The old homosexual and I laugh in the back
over a coarse joke involving an octopus.
Our banter is staccato, staged and close
like those “Spanish Dances” by Granados.
I sometimes feel we are in a musical—
gossiping backstage between our numbers.
He drags deeply on his cigarette.
Most of his life is over.
Often he refers to himself as “an old faggot.”
He does this bemusedly, yet timidly.
I know why he does this.
He does this because his acceptance is finally complete—
and complete acceptance is always
bittersweet. Our hours are long. Our backs bent.
We are more gracious than English royalty.
We dart amongst the aisles tall as hedgerows.
Watch us face into the merchandise.
How we set up and take apart mannequins
as if we were performing autopsies.
A naked body, without pretense, is of no use.
It grows late.
I hear the front metal gate close down.
We begin folding the ties correctly according to color.
The shirts—Oxfords, broadcloths, pinpoints—
must be sized, stacked, or rehashed.
The old homosexual removes his right shoe,
allowing his gigantic bunion to swell.
There is the sound of cash being counted—
coins clinking, bills swishing, numbers whispered—
One, two, three, four, five, six, seven. . .
We are changed when the transactions are done—
older, dirtier, dwarfed.
A few late customers gawk in at us.
We say nothing. Our silence will not be breached.
The lights go off, one by one—
the dressing room lights, the mirror lights.
Then it is very late. How late? Eleven?
We move to the gate. It goes up.
The gate’s grating checkers our cheeks.
This is the Mall of America.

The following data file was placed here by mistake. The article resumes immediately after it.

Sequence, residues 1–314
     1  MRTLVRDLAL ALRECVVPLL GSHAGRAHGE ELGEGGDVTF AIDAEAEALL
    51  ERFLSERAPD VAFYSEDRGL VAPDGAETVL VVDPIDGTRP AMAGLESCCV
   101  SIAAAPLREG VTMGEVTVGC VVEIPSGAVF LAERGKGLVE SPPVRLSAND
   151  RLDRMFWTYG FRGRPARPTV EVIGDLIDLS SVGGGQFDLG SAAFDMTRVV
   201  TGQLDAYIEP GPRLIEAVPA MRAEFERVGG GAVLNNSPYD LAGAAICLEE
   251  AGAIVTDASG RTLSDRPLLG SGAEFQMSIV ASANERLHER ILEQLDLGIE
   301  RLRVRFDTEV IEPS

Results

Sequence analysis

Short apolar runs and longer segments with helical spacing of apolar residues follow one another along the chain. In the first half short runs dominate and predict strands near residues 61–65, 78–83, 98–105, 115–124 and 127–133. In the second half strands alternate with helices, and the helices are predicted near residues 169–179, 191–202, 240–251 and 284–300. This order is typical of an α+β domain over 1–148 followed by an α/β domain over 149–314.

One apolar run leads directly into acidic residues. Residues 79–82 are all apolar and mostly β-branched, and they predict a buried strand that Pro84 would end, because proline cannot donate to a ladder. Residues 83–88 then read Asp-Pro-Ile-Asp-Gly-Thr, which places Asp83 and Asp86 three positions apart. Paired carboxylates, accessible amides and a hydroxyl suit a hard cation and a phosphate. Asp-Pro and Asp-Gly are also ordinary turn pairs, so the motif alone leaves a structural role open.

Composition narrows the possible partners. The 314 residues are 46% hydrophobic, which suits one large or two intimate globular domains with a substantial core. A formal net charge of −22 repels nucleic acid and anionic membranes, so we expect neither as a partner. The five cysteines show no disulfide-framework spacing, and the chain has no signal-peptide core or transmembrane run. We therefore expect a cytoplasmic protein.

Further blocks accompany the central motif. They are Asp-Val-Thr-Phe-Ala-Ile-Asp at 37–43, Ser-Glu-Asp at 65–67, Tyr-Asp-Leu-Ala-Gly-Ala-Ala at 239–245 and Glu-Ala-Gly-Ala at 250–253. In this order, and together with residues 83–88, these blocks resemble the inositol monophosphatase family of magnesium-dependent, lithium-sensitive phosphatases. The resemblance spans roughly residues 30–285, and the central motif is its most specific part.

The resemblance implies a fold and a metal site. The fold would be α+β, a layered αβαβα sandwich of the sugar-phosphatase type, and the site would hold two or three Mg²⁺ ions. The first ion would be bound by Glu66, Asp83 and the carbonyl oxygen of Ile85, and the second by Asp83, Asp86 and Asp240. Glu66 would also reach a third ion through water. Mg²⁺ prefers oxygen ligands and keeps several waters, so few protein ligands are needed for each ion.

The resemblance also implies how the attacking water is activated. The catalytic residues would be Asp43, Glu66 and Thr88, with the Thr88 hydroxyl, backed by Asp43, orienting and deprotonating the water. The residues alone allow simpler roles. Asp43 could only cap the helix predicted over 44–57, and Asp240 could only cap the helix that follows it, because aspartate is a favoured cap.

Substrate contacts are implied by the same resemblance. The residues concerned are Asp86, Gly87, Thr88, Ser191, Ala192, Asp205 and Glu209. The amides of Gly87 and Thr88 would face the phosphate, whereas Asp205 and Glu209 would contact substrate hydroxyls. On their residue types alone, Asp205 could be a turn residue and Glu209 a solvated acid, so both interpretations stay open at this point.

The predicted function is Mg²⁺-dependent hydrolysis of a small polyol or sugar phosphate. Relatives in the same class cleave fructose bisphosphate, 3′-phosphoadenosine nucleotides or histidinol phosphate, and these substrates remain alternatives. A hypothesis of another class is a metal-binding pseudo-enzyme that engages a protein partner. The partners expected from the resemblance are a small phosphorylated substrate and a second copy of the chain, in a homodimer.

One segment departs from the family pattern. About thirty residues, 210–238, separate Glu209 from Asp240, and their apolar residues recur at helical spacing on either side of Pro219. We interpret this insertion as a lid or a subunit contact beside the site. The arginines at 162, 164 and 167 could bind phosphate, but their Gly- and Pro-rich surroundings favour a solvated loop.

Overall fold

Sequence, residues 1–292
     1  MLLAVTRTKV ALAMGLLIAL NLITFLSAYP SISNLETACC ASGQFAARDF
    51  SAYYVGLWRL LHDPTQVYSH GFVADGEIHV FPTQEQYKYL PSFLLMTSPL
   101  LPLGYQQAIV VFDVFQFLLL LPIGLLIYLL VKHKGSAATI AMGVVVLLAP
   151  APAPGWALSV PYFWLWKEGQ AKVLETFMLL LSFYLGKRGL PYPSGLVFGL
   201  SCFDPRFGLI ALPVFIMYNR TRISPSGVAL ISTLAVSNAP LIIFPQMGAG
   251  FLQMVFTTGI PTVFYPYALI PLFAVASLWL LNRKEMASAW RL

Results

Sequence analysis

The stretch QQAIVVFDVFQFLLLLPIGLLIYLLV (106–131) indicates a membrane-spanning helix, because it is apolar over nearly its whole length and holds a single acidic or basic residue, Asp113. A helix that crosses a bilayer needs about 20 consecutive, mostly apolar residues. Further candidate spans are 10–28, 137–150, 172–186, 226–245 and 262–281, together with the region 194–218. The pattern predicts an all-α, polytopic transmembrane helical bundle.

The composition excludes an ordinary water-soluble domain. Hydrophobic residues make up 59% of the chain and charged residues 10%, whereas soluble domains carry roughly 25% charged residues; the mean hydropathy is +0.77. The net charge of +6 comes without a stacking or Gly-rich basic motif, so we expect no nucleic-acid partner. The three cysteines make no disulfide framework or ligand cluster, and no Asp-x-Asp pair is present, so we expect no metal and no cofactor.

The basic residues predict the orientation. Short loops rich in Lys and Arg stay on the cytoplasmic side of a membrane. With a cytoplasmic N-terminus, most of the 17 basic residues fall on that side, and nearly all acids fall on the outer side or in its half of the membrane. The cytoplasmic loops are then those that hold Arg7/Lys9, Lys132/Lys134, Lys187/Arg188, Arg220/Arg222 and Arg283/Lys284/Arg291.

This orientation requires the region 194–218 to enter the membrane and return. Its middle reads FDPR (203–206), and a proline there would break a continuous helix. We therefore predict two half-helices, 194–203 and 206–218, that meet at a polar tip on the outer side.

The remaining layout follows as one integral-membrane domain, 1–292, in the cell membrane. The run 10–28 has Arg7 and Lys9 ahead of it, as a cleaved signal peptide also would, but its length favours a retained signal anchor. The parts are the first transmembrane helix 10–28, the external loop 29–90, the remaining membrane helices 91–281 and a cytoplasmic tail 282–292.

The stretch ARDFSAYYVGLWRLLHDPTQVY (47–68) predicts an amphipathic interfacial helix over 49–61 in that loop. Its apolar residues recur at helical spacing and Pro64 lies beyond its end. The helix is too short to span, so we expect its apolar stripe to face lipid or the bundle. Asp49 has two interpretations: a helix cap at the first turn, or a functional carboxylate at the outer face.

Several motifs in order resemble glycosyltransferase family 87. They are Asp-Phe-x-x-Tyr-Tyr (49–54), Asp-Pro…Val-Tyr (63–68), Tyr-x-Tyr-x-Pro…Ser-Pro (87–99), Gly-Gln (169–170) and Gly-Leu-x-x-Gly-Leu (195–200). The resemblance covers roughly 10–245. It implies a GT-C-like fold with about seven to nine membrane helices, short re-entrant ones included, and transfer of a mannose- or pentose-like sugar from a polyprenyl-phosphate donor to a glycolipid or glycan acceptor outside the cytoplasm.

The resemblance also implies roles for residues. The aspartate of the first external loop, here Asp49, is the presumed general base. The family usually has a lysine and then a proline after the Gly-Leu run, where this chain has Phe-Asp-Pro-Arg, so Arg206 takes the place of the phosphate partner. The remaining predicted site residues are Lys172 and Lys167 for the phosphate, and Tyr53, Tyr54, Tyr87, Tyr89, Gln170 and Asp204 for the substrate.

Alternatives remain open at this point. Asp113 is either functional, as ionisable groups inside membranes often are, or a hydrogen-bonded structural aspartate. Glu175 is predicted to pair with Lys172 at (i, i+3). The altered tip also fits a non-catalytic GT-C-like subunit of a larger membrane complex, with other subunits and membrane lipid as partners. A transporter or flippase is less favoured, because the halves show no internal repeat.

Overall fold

The light is bright and artificial,
yet not dissimilar to that found in a Gothic cathedral.
You must travel down the long hallways to the exits
before you encounter natural light.
One final formality: the manager checks out bags.
The old homosexual reaches into his over-the-shoulder leather bag—
the one he bought on his European travels
with his companion of many years.
He finds a stick of lip balm and applies it to his lips
liberally, as if shellacking them.
Then he inserts one last breath mint
and offers one to me. The gesture is fraternal
and occurs between us many times.
At last, we bid each other good night.
I watch him fade into the many-tiered parking lot,
where the thousands of cars have come
and are now gone. This is how our day ends.
This is how our day always ends.
Sometimes snow falls like rice.
See us take to our dimly lit exits,
disappearing into the cities of Minneapolis and St. Paul;
Minneapolis is sleek and St. Paul,
named after the man who had to be shown,
is smaller, older, and somewhat withdrawn.
Behind us, the moon pauses over the vast egg-like dome of the mall.
See us loosening our ties among you.
We are alone.
There is no longer any need to express ourselves.

Inventing Father In Las Vegas, by Lynn Emanuel

If I could see nothing but the smoke
From the tip of his cigar, I would know everything
About the years before the war.
If his face were halved by shadow I would know
This was a street where an EATS sign trembled
And a Greek served coffee black as a dog’s eye.
If I could see nothing but his wrist I would know
About the slot machine and I could reconstruct